Regardless of that fact that we are subject to some form of it during the majority of our waking hours, communication is a difficult skill to master. Even if we aren't directly participating, we hear people's conversations on the radio, listen to podcasts, take notes in meetings, eavesdrop in the common areas at work, and drink in juicy friend gossip over an overloaded salad during lunch. In short, we are constantly communicating. Despite our daily exposure to different communication styles, many of us aren't proficient in this shared construct of verbal and nonverbal expression. Why? For many, it's out of a deep underlying narcissism and driven self-interest within the conversation we are partaking in. This sounds harsh but everyone wants their own ideas heard in order to show they are relevant. Furthermore, many of us are not patient enough to wait until our confabulation counterpart is finished with their thought to interject, stealing our chance to truly hear what someone else has to say in full. This leads to shallow conversation and is what is a driving factor in the ever-shortening attention span of our millennial generation. If we can't express a thought within a few sentences, our audience (which may be only of 1) is already thinking about how they will respond or focused on something else entirely. So how do we do better? How can we control our more self-centered tendencies and become better conversationalists in order to get deeper with those we are interested in?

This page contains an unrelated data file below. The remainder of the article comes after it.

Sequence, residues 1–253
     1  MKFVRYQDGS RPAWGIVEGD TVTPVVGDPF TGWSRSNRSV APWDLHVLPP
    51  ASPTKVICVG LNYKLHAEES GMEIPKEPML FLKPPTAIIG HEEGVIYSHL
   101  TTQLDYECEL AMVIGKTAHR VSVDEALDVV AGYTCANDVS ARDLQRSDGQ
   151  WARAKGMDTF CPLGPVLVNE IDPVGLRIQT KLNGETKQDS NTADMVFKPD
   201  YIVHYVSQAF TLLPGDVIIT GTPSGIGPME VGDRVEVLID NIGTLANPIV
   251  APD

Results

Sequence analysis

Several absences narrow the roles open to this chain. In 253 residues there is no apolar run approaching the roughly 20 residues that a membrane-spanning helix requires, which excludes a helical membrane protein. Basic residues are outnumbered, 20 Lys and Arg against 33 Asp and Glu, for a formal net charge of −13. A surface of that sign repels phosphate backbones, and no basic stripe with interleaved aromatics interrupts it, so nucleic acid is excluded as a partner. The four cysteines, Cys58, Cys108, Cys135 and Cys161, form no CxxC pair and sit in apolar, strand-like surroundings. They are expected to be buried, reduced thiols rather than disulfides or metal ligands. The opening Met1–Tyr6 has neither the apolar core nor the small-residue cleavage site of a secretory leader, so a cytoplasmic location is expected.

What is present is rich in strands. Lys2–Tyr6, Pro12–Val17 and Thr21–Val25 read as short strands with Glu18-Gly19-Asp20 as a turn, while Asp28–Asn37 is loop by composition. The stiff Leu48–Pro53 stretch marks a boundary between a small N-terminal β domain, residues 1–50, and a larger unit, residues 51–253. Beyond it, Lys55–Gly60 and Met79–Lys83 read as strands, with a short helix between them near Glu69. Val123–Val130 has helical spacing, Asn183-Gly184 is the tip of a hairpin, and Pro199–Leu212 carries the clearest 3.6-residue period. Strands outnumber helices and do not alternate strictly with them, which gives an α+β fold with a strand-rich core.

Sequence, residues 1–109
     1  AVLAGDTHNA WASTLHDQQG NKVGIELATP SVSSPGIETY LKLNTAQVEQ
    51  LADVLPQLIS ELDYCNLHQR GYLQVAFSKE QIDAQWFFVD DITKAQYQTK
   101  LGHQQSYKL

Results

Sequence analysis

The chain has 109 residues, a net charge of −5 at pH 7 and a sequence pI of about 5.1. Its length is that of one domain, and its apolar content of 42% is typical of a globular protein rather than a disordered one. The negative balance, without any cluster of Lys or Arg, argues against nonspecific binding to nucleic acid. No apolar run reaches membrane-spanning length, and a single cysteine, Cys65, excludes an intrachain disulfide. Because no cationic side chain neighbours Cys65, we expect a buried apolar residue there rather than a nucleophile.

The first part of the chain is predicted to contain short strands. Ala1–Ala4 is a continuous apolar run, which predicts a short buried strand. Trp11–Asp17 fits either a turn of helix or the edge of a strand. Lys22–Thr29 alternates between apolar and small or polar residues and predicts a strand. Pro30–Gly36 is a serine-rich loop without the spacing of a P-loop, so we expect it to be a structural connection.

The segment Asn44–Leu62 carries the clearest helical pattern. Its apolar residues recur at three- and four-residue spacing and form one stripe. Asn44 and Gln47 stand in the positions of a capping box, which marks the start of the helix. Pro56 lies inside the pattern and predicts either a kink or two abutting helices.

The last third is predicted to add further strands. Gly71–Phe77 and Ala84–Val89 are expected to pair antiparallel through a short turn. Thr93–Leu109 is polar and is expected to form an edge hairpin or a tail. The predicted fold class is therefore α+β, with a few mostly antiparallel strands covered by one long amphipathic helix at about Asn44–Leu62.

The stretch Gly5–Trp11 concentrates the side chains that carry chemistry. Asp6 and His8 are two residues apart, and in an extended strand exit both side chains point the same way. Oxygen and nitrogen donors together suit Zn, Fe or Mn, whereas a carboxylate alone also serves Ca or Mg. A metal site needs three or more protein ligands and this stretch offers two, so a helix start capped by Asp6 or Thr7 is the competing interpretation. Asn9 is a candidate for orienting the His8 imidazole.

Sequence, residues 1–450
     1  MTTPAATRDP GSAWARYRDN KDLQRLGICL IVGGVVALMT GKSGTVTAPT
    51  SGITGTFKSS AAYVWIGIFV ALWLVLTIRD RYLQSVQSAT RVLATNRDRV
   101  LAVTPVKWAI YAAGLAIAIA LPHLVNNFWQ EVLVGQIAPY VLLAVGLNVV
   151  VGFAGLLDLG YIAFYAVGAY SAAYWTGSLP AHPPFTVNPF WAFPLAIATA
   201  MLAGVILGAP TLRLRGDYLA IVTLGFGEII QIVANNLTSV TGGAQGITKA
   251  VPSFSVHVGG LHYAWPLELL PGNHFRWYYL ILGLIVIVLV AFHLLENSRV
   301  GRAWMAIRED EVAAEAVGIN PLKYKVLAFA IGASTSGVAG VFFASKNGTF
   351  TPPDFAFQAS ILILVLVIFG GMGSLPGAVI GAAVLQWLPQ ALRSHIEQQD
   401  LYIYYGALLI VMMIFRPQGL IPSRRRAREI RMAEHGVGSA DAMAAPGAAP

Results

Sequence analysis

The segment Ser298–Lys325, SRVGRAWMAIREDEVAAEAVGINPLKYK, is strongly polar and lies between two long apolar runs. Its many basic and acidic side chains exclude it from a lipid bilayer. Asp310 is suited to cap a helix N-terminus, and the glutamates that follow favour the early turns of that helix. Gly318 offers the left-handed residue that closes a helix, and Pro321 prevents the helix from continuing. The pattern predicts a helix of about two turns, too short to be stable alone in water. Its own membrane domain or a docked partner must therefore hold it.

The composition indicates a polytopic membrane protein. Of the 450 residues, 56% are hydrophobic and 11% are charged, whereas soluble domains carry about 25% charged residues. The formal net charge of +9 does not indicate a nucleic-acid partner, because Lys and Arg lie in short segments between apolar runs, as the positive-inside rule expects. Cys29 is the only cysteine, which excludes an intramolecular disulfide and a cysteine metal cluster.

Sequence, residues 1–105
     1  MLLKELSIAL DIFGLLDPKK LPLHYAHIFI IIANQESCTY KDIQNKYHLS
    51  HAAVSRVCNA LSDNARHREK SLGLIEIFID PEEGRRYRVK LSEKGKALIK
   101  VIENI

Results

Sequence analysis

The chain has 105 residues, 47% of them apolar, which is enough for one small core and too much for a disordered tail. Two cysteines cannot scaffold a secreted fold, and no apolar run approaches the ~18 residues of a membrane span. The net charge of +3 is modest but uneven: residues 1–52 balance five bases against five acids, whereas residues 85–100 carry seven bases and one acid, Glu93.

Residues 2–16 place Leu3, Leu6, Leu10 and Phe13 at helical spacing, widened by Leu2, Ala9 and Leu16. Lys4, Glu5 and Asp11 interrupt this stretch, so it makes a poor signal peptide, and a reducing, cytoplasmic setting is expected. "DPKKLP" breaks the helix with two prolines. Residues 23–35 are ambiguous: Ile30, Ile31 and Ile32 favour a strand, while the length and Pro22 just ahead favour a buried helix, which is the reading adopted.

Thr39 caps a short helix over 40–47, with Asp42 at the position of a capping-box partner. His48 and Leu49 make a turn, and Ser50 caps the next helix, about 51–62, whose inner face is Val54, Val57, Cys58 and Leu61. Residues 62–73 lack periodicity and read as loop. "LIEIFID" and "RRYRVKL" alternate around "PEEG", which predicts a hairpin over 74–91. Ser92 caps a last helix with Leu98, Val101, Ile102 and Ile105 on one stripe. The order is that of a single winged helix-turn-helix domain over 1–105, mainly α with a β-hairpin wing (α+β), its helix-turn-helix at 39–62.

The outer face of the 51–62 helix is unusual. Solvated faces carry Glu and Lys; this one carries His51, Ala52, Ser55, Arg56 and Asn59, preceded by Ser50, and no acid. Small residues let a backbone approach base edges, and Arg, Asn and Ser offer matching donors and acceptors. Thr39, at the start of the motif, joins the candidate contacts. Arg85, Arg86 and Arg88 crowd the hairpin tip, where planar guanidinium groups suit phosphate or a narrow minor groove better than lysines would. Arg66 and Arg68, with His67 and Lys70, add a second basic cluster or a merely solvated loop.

Effective communication is the job of both parties. An orator and a listener. As the orator, we try to weave well-constructed sentences into thoughts or stories that aren't too long. As a listener, we attempt to hear, understand, and process the information the orator is conveying, clarifying when necessary. The listener is a hard role to play. We all seem to pay attention to and hone our oration skills more quickly than our listening ability. This makes sense; if we want people to pay attention and hear what we have to say, we need to learn how to communicate in a way that is most effective, which in many cases also means most efficient, so we can impart our ideas before being interrupted or losing our audience. What we don't work on as frequently is our ability to listen, especially in serious conversation. This is where we all could use a little more practice.
A listener needs patience. Patience is hard. In order to practice this, here's a suggestion. In your next real or deep conversation use an intentional 3-second pause. These 3 seconds will feel like an eternity, but in those 3 Mississippi's you'll likely discover more authentic and true statements than anything said prior to the initial pause.
When we share, we have internally-vetted, typically surface-level conversation items we feel comfortable sharing, but when faced with a pause, we panic and fill that painfully awkward gap with something deeper than the premeditated pleasantries, exposing truer thoughts and feelings, all because space was open for it. It’s like diving below the water and seeing the other 95% of the iceberg. People have an insatiable need to fill empty space in conversation, and as a listener, you can use this to your advantage. So the next time you are in a conversation one-on-one leave them room to give you more. Push your self-interested motivations aside, and listen. Allow them the space to expose who they are below the surface by practicing your patience with a count of 1-2-3. You may be surprised by what you hear, and enjoy how much deeper your relationships become.
Have you tried this trick before? Do you think it works? Do you have any other tips or tricks to become a better listener conversationalist? Share your experience in the comments section below.